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Take the K train – or any other

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Ben Easter, 4, and his grandmother Maria Kwan walk to catch the MUNI train near their home San Francisco, Calif.

Ben Easter, 4, and his grandmother Maria Kwan walk to catch the MUNI train near their home San Francisco, Calif.

A recent Friday 10:30 a.m.: Ben Easter seems like a typical 4-year-old. He has boundless energy and has trouble sitting still on the couch. His mother has to prod him to put on his shoes as he prepares to leave the house for a morning outing with Grandma.

But when Ben – headed for the K train on Ocean Avenue bound for Balboa Park – tugs Grandma down the sidewalk with one hand while clutching a Clipper card in the other, you realize his excitement for the city’s public transit system far exceeds that of most riders.

“I knew he was a fan when we woke up one morning and he was basically calling out the schedule. ‘L! L in 10 minutes!’ – at the age of 2,” said his mother, Anne Kwan.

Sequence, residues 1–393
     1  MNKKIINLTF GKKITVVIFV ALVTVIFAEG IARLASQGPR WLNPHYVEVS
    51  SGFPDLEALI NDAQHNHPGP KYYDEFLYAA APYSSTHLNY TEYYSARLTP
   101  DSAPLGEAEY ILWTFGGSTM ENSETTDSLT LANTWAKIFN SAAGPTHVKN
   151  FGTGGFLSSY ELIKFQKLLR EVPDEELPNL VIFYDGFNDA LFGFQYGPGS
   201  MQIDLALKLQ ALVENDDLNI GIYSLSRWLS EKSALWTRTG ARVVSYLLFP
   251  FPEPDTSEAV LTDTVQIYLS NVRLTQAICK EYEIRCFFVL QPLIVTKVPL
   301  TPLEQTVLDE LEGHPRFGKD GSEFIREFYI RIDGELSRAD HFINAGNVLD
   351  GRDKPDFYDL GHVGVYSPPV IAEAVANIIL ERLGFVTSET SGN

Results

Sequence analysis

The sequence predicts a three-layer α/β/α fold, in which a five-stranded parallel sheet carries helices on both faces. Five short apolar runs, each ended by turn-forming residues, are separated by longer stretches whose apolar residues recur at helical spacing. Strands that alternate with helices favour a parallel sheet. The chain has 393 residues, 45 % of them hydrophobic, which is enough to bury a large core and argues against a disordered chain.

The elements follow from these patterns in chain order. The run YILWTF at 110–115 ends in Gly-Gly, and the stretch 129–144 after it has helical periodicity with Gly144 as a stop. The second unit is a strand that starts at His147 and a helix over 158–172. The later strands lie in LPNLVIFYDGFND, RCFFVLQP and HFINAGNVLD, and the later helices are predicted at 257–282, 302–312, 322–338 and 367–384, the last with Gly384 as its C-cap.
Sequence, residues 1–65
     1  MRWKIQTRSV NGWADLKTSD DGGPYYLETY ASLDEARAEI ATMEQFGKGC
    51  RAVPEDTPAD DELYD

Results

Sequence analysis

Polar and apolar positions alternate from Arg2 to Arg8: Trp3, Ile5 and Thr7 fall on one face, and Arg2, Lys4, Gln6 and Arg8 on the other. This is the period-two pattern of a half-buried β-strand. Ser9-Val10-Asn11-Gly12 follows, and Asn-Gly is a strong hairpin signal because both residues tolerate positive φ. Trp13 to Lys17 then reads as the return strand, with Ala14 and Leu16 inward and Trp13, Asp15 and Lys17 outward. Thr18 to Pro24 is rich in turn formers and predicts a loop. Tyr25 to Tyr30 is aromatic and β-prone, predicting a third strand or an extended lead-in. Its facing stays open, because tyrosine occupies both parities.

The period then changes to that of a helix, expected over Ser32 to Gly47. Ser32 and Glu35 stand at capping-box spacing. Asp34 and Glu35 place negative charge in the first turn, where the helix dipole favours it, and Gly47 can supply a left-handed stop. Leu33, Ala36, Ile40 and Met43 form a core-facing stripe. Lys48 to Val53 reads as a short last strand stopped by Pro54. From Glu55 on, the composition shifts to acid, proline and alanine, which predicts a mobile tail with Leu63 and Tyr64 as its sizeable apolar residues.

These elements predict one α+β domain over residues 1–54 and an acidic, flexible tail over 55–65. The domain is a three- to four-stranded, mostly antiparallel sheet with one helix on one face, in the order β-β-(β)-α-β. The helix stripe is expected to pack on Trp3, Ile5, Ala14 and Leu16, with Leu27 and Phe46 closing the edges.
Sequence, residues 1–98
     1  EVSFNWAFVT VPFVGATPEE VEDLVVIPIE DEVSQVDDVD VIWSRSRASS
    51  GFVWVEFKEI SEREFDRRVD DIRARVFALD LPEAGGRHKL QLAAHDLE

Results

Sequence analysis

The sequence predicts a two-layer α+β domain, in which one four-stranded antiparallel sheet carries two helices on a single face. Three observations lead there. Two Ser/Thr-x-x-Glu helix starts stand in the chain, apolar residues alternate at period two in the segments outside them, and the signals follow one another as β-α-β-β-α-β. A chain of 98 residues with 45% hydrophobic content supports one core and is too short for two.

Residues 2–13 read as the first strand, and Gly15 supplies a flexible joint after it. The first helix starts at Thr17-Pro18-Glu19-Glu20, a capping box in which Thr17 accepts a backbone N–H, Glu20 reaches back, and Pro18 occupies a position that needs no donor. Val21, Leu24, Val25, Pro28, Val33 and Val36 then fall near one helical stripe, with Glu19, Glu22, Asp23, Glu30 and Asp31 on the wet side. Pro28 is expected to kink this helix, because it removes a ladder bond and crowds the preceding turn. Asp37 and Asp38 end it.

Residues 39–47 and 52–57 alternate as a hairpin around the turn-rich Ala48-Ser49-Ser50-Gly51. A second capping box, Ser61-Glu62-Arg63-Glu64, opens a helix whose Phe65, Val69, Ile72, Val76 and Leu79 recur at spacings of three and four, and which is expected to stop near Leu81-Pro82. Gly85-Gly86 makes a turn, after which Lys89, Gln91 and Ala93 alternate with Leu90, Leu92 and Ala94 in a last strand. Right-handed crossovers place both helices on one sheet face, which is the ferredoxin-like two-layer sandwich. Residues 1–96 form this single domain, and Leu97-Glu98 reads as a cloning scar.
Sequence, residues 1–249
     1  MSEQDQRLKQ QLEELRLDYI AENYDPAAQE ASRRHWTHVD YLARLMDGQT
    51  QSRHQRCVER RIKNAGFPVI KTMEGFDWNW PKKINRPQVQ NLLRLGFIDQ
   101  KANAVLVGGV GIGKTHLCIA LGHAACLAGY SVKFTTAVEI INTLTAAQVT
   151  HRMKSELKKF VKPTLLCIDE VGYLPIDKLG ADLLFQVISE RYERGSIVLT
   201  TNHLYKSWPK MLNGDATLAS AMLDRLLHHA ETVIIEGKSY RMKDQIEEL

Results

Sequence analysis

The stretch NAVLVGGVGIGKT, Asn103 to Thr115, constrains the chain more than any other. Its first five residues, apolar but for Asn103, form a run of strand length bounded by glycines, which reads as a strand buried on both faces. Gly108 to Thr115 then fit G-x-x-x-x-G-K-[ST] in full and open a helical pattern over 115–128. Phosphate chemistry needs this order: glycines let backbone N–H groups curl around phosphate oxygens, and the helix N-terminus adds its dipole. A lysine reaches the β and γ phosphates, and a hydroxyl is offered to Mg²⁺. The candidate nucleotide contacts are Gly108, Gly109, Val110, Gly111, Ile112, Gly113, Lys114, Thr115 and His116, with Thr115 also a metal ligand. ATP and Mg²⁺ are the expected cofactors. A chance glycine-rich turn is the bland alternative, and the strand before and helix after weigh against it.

Ben has been riding Muni trains and buses all over town with his grandmother, Maria Kwan, 68, since the day he was old enough to walk. They’ve taken the N-Judah to go to the pastry shops on Irving, or the L-Taraval to the zoo and back – sometimes not even getting off to see the animals. The Muni is the real attraction.

“It’s not about the destination. It’s about the journey,” says Anne Kwan. “He could ride around on the Muni for hours and Grandma would be fine with that.”

Ben and Grandma rode Muni every weekday until he was 3 and preschool cut down their riding time. But on this day, preschool was out – so Ben was excited at the chance to hit the rails with Grandma again.

When Ben got on the K train to Balboa Park and saw it was driven by his favorite conductor, Thomas Booker, his eyes lit up. He leaned into Grandma as they sat, and pointed out objects of transport interest, like a curving tunnel up ahead.

Before long, Booker turned the train around and headed down Ocean Avenue. When Grandma and Ben got off near home, they waved. Booker waved back. It was another perfect ride.

To see a multimedia production of this piece, go to blog.sfgate.com/cityexposed. If you have ideas for the City Exposed, e-mail Mike Kepka at mkepka@sfchronicle.com

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